Review: Doctor Who: The Power of the Daleks — The Nerds Uncanny

When “Doctor Who” hit tv screens in November 1963, I doubt anyone at the BBC thought the series would still be around 53 years later. That might explain why the BBC deleted more than 100 episodes in the early 1970s, leaving some 26 stories from the first two Doctors’ eras incomplete. Some episodes have been […]

via Review: Doctor Who: The Power of the Daleks — The Nerds Uncanny

Advertisements

Preview: Back to the Future #14 — Graphic Policy

Back to the Future #14 Bob Gale, John Barber • Emma Vieceli (a & c) WHO IS MARTY MCFLY? That’s what Marty’s asking himself, as it becomes abundantly clear his childhood memories don’t match up with what actually happened in this timeline. How can he and Doc Brown fix things without breaking time itself?! FC […]

via Preview: Back to the Future #14 — Graphic Policy

Black Mirror Series3 Review

From one a week, to all in one weekend. The new series of this modern and often disturbing sci-fi tv series has switched from UK Channel4 over to Netflix. The budget has been increased greatly, the locations, visual effects, soundtrack all bigger this time. But does that make it better?

In the space of just over a couple of years this series has successfully become the modern equivalent of The Twilight Zone of The Outer Limits for modern times. Some episodes have been darkly comic, satirical while others have been almost too terrifying to think about for too long after watching.

Like the previous two mini series, the shows continue to jump ahead from known daily life modern technology such as smart phones, the internet, A.I., social media, online games and more. There are some differences this time, but there are enough familiar things to keep you interested and guessing like before.

Okay, so I really don’t wish to give spoilers and so I’ll try to keep things brief but informative with my casual review of the new series here.

Episode 1-Nosedive

The series starts with a fairly light and humorous episode. This looks at social media and how desperate we might get to gain top marks from friends and others, and what it would mean in society. Things go tragically wrong for the young lady who needs more likes and stars. A good start, reassuring us that the show has not simply gone all ‘Hollywood’.

Episode 2-Playtest

This one doesn’t seem to radical really. It follows a young guy needing some quick cash who signs up to test out a new experiment videogame. Ah, seems a walk in the park at first…safe word stop…stop…stop…! Actually ends up being pretty intense and dramatic. Reminded me of the underrated David Cronenberg movie Existenz.

Episode 3-Shut up and dance

Okay this one is in some ways funny to begin with, seems quite low budget, back to basics but the idea here soon gets very chilling and horrible. Very nasty, very tragic episode.

Episode 4- San Junipero

This is the episode that almost anyone can watch and will find it very sweet, very emotional, nostalgic. If you experienced or grew up in the 1980’s (I was a young kid back then) you will love this one. But as it moves along, this one moves from beautiful, romantic, time-travel (sort of), to bitter, difficult, tragic but philosophical and sombre tale. Very touching.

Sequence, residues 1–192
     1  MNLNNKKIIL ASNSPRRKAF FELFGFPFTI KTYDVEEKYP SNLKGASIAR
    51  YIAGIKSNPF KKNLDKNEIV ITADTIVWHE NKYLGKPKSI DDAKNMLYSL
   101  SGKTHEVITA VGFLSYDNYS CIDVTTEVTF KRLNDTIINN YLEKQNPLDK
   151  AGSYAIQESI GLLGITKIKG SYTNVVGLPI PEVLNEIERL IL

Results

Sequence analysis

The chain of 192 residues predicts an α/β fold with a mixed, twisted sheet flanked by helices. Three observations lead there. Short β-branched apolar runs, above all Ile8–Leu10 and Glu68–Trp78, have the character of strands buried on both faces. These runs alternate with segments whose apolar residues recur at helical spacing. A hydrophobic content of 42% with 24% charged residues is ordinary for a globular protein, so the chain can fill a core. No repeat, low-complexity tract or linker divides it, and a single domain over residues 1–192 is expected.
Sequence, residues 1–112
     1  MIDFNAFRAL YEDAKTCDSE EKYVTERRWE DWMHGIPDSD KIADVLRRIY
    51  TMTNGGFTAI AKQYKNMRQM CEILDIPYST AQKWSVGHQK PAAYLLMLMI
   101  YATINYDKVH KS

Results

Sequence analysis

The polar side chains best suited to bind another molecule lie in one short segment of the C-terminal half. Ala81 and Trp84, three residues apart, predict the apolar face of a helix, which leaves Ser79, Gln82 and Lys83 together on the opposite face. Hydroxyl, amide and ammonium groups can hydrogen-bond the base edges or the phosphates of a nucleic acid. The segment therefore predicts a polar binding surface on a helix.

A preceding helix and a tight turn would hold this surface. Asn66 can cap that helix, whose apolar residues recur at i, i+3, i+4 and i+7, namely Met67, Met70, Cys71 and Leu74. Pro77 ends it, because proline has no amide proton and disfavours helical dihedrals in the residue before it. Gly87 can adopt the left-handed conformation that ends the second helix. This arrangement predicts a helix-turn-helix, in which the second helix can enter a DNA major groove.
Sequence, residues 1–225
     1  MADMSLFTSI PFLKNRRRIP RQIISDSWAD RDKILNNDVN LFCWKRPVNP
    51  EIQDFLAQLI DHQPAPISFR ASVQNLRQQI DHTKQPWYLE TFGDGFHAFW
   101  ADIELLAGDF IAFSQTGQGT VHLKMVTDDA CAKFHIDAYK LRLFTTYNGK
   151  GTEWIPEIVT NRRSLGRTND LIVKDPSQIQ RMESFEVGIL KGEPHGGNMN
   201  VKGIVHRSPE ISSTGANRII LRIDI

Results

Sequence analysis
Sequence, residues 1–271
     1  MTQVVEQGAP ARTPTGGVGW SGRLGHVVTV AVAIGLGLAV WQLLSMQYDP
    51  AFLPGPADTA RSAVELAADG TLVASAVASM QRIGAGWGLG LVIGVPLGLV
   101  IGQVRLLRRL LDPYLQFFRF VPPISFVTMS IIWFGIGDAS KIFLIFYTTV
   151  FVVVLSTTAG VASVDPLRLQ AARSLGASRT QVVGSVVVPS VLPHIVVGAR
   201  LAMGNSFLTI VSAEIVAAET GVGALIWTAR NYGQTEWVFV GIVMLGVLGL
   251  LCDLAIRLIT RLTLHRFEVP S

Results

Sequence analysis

Episode 5-Men against fire

Much like Call of Duty or a military near future tale with parallels to recent warfare, this may not be the most original episode or best. It reminds me at times of 28 Days Later, Dawn of the Dead, Full Metal Jacket- which is not a bad thing. Again, this one ends with a quite nasty and very troubling close but does perhaps make us question what our governments and military may be tempted to do in the name of war or victory.

Episode 6-Hated in the nation

So this final episode is feature length. It is just under one hour and a half. Now, some people have said that this one could have been much shorter, that it dragged on too long possibly. I don’t think I felt it was too long. I did enjoy it, even though it is very much like a crime/detective drama/thriller CSI style show. It considers the dangers of social media in connection with A.I. and almost nano-tech alongside the quick reaction hate mentality of the masses. This one is probably more of a slow-burn longer lasting fear tale, which will stay with us for a while in a different manner to the other episodes.

So has the show changed far too much in the leap over to Netflix, or the way we can in theory watch the entire series in one go rather than one per week as in the past?

Some of that is just how we can watch much television these days on catch-up, but no, thankfully I think this series at least has retained the basic founding idea of what the show is and how it show be. Well done with this one Charlie Brooker, I look forward to more=if I can bare to watch through my fingers…

 

James E. Parsons is author of Orbital Kin and Minerva Century (SF fiction) both available now in paperback, ebook and hardback from all good bookshops internationally.